The pastor gets so big and successful that we don’t hold them accountable. We surround them with people who constantly tell them “yes.” We establish a different set of rules for them.
Instead, we need to surround our pastors with people who love them enough to tell them things they don’t want to hear. To challenge them and embrace the Biblical model of iron sharpening iron.
4. Look out for Aaron lies.
No one wakes up on a Tuesday and says, “I think I’ll wreck my whole life, throw away my ministry and destroy my marriage.” We all take small steps toward the big, dumb decisions we make. And along the way, we justify the things we’re doing with the craziest excuses and lies.
Like Aaron telling Moses that he just threw gold in a fire and a calf magically popped out, we’ll create wild lies. We’ll say, “Oh that, that’s just what guys do!” Or, “That’s not an emotional affair, I just have a flirty personality. That’s nothing.”
We’ll pile lie upon lie until eventually the whole stack topples over. Scandals should never really surprise us. There’s a veritable ginger bread trail of lies the whole time. Seek truth and celebrate truth and don’t for a second accept that golden calves magically appear.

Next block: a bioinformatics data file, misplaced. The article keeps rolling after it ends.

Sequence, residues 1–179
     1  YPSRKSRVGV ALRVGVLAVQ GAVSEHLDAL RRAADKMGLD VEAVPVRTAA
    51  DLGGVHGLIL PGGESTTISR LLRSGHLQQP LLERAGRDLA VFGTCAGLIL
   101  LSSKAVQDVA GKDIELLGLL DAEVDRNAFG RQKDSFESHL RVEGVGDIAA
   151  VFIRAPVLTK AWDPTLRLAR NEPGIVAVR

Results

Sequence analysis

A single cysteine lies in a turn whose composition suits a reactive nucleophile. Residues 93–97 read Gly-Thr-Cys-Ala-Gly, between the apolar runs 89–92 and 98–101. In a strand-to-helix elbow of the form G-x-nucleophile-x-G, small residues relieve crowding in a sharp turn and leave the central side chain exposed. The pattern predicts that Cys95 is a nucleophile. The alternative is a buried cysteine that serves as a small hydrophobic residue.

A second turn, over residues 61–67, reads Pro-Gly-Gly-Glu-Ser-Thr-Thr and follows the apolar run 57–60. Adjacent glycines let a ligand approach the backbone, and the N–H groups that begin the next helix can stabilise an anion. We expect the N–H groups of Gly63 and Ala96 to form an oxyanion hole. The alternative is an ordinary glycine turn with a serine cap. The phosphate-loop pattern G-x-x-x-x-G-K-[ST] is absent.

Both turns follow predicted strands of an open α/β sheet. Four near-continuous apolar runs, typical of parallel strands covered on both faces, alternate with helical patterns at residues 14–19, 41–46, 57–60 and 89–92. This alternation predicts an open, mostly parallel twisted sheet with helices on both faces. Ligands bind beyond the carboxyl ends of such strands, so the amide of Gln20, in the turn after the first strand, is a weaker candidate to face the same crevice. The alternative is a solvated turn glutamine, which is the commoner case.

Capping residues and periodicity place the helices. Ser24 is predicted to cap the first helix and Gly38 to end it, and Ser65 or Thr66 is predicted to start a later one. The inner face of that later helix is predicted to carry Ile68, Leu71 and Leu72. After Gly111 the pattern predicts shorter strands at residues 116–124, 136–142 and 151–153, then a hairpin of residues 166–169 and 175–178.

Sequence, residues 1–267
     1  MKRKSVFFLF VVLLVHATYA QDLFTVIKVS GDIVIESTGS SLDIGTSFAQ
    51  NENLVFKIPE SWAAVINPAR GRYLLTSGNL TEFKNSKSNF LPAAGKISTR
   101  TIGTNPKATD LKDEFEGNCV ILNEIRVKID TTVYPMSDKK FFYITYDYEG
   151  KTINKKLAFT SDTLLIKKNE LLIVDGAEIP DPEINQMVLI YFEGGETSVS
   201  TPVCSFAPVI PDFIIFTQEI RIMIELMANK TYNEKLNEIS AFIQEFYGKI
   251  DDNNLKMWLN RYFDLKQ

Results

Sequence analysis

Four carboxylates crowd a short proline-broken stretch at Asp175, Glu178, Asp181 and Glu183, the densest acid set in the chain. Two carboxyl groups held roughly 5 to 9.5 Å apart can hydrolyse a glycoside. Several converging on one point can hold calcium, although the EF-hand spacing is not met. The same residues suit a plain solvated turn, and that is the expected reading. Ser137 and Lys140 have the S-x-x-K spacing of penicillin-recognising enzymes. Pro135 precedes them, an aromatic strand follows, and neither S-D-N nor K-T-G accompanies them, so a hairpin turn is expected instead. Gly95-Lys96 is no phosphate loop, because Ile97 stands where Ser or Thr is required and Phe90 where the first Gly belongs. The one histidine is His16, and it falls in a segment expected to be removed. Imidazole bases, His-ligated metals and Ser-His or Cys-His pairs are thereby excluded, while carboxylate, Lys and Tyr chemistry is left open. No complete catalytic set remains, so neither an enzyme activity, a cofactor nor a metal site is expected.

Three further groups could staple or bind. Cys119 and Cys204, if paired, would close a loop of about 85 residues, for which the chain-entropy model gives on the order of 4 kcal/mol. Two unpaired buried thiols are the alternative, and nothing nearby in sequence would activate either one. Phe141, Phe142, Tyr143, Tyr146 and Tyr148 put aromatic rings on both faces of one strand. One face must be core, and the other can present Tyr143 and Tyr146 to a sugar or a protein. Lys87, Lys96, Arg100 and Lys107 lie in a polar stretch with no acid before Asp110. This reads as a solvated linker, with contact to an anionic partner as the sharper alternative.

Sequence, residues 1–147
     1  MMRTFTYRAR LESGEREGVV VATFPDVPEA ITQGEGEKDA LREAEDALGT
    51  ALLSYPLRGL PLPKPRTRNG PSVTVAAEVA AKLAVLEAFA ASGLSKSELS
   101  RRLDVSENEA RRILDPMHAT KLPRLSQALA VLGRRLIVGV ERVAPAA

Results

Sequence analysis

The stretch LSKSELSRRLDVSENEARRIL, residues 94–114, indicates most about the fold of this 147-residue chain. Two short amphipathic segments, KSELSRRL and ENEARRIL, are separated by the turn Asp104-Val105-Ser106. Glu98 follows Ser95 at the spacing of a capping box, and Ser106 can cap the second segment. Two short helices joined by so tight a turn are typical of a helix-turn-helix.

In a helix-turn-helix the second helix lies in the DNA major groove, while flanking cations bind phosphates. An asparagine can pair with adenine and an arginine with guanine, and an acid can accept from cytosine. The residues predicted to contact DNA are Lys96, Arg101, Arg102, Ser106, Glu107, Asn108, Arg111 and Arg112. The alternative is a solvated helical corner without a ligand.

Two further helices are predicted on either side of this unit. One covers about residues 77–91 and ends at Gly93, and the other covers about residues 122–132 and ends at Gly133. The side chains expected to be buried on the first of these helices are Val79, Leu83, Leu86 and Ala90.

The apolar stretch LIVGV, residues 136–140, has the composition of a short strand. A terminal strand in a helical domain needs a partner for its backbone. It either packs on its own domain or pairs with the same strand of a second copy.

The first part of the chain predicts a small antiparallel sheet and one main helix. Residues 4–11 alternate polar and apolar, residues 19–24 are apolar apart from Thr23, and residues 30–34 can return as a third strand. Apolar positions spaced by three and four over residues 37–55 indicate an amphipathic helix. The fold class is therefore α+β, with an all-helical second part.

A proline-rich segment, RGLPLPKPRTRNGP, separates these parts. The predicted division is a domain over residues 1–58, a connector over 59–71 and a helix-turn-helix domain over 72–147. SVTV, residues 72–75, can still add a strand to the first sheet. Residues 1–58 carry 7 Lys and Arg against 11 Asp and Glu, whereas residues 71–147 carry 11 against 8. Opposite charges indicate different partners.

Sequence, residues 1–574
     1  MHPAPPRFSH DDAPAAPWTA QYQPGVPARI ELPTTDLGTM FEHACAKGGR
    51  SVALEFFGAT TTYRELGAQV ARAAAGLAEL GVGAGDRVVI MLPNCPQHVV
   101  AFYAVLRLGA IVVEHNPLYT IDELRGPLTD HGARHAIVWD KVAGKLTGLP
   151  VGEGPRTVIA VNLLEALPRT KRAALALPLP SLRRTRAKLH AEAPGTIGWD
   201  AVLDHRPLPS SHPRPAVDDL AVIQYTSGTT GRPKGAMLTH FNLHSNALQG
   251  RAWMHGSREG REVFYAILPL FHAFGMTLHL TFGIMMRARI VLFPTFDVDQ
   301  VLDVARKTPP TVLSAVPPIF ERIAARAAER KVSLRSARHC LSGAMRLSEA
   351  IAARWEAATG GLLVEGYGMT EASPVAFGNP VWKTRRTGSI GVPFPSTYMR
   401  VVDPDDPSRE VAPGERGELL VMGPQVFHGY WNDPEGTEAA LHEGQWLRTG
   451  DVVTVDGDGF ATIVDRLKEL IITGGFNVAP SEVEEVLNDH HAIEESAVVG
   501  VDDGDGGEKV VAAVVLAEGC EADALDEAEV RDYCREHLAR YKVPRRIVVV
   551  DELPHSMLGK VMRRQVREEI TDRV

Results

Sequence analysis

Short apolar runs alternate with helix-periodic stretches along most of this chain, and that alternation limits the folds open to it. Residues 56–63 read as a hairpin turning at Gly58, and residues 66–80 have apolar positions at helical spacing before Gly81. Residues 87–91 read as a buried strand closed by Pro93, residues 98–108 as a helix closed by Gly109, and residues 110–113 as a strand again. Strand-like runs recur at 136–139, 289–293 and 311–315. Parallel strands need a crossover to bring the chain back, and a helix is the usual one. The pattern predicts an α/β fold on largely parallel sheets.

I don’t know what will happen with the latest scandal. I don’t know that minister. I don’t know that church. But I do know we’ll keep having scandals if we keep creating environments where people can’t be honest and we act like our pastors are perfect.
I really resonate with his suggestion that people start becoming real with their failures and struggles. I think it was Tim Keller who tweeted that until we recognize the magnitude and depth of our failure, we won’t understand the width and breadth of the Gospel. But this type of self-disclosure won’t happen without a move of the Spirit of God. Confession of sin accompanied by repentance is one of the surest signs of revival and spiritual awakening. People don’t just confess sin to one another until they believe the full reality of what atonement supplies. We don’t come out of the darkness until the light truly is more desirable. What the author suggests is a great way to scandal-proof the church, but even more, it is nothing less than transparency in light of the Gospel.